Waste Underestimated


an interview with young furniture designer Tom De Koninck

We humbly believe that one of the most inspiring aspects of young generations is their genuine enthusiasm, the fire they carry within themselves that will ignite the fuse of change for a new world tomorrow. It's a world that evolves from confronting discomfort about the present world. One of these enthusiastic change-makers is Tom De Koninck, Furniture designer and Engineer Architect. It’s this blend of insight and craftsmanship from which Tom’s first furniture project, ‘Rover’, emerged.
“After completing my studies as an Engineer Architect, I felt a strong urge to create something tangible with my hands, rather than delving into more theory. I enrolled in Furniture Design at VOMO in Mechelen, where they offer their students the opportunity to dedicate an entire year to a single project. I was determined to focus on ecological sustainability," Tom begins. “I’ve always been deeply concerned by the wastefulness of our society and wanted to explore methods to repurpose waste streams into functional creations."
Tom is a young man with bright ambitions, but he’s also practical and proactive. “I approached my research and inquiries in a hands-on manner. I began by taking an aerial photo of my hometown, Aalst, to identify its companies and industries and to locate potential sources of useful waste streams," Tom explains. "Once I had identified these companies, I reached out to them directly, asking for permission to inspect the waste in their containers firsthand. This process enabled me to create an inventory, essentially forming a 'waste library': What types of waste were available? How much of it was there? And what was being done with this waste?"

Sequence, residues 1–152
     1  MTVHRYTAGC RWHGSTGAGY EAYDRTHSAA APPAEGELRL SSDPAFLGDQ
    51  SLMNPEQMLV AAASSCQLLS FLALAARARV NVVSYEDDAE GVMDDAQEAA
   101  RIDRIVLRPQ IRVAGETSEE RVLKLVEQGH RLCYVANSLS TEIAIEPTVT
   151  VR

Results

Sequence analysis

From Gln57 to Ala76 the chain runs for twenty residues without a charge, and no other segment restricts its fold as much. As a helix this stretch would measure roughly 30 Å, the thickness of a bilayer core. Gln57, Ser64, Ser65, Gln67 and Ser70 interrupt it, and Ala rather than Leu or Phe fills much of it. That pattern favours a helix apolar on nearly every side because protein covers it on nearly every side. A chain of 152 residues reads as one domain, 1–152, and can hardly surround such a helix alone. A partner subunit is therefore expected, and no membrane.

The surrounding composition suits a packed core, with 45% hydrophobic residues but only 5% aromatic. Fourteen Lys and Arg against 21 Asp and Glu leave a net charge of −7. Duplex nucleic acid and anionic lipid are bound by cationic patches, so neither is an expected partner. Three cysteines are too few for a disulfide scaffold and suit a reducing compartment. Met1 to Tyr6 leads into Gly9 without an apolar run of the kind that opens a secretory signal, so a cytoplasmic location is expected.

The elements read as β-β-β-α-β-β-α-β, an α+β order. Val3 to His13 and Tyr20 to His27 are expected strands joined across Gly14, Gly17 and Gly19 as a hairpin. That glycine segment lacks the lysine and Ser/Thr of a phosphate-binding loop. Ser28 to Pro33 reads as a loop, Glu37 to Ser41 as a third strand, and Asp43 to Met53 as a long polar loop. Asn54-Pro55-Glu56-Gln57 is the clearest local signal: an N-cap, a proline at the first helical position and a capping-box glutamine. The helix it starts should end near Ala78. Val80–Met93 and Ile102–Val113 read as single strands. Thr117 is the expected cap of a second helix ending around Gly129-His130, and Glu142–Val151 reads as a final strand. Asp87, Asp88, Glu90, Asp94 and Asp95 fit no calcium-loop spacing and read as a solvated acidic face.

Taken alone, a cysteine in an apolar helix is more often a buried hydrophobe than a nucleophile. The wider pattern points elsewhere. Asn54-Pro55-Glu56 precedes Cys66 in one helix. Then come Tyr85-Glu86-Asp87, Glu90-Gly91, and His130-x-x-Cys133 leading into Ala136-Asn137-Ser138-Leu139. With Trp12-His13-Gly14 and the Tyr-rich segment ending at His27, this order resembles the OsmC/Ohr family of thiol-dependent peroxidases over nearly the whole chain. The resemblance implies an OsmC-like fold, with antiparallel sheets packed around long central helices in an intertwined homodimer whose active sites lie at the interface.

Waste Underestimated – is how I’d describe my work and research in a nutshell
“I love experimenting and went on a quest to find the specific properties of the waste materials I had collected," Tom explains. "Many waste streams are often underestimated, with some materials wrongly labeled as 'waste' when they still hold potential value," he adds. “I challenged myself to figure out what I could do with them, and envision how they could be repurposed into functional furniture pieces. With what I learned from this, I began the design process, engaging in extensive experimentation until I eventually crafted my first furniture collection named ‘Rover’. Each piece is entirely unique, crafted from a variety of waste materials, each with its own distinctive look and narrative, reflecting the story of the company its sourced from. Additionally, every furniture piece features a QR code, providing insight into the material’s source and how the waste stream was created”.